Financial literacy is a prerequisite for an NED role and it is of great importance that NEDs are able to read and deconstruct a balance sheet; every person on a board is responsible for the accuracy of its accounts. There are a number of good training organisations, including Finance Talking and the Investor Relations Society which also offers some very practical training modules, including ‘Demystifying company accounts and valuations’.

An MBA from a well-recognised institution can also be useful, but by no means essential. Having gained one shows that you’ve committed to improve yourself and can grasp complex business models and balance sheets.

 To avoid being just a ‘nodding dog’ at the board table, as a bare minimum, NEDs need to be able to read a balance sheet.



Many of those who have gone on to successful careers beyond corporate affairs did so with the help of a mentor to guide, train and support them in the relative safety of their current organisation. This works particularly well if the mentor is your CEO as they will usually help in a number of different ways including coaching, sponsoring (i.e. helping open doors and promoting your talents to others) as well as supporting you to take on added responsibility. Communications directors need a good commercial understanding of how businesses operate, so ask to spend time in key functions, whether on sabbatical from your current role or as a development opportunity. You will also need the CEO’s blessing to take on NED roles.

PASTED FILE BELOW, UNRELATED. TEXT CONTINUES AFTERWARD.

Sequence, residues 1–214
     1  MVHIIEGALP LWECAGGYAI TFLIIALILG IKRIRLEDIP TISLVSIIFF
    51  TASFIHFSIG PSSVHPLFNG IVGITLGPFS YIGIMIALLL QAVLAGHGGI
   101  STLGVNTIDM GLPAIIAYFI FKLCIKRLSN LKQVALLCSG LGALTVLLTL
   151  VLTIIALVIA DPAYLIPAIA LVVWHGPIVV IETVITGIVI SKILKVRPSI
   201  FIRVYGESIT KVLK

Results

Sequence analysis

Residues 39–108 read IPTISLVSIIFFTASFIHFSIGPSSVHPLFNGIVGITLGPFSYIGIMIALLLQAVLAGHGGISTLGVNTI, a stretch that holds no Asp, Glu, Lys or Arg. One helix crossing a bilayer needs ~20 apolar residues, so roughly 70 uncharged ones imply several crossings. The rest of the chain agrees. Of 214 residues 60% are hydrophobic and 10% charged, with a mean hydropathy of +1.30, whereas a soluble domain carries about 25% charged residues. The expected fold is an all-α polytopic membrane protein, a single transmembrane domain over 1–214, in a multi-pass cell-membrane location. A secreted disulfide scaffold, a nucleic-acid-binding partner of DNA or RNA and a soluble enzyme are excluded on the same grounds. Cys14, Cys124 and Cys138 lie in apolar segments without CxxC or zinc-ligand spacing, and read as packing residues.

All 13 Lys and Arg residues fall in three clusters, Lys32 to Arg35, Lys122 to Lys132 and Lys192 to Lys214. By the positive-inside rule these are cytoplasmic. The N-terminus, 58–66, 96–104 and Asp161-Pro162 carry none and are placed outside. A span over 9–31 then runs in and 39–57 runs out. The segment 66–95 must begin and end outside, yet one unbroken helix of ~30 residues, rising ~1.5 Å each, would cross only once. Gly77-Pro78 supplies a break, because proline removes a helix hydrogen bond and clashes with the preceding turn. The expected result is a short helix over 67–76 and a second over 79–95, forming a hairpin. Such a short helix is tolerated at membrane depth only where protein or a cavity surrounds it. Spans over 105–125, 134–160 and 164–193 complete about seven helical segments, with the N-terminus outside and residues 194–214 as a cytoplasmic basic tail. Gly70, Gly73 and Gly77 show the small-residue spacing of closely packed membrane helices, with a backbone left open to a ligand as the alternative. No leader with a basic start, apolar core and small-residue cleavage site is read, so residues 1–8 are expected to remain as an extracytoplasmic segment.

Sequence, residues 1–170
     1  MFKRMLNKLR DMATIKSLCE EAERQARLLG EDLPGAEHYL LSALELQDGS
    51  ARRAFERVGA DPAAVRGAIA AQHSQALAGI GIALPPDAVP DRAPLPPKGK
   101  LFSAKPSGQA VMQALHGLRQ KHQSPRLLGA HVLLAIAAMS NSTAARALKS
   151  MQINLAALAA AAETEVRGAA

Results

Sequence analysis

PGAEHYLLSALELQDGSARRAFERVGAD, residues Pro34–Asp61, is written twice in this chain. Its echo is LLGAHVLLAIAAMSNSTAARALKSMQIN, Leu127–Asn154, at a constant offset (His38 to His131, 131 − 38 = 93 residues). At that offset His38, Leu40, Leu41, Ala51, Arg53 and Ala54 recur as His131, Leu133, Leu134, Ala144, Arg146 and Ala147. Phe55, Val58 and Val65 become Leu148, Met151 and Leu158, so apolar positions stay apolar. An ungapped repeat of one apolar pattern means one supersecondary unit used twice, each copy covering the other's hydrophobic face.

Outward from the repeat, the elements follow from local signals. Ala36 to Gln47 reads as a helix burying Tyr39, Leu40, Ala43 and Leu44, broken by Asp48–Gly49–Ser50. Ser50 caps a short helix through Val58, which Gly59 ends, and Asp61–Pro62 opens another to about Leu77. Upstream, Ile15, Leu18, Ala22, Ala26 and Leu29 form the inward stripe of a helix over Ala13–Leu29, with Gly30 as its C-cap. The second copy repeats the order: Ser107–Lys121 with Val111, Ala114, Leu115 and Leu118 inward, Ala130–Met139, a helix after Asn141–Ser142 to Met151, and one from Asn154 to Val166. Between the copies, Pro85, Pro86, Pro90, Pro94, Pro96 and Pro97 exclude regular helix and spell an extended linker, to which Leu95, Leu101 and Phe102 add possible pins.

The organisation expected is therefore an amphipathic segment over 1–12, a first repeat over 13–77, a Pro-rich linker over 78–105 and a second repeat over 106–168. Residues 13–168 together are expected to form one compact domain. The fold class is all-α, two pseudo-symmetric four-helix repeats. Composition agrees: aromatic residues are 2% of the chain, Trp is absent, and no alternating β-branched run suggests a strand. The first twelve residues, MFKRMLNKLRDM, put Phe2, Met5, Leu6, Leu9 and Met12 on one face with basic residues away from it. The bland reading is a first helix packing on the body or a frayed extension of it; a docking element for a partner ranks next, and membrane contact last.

Onward careers for corporate affairs directors largely depend on the commercial experience the individual has. I was very keen to gain that experience before moving into communications, simply because I wanted to approach PR and marketing from an added value perspective, rather than simply brand building or reputation building. I wanted to help drive footfall into the retail space and impact sales and revenue within the organisation. That has always been my goal and if I am not able to sit at the table as a revenue provider, I move.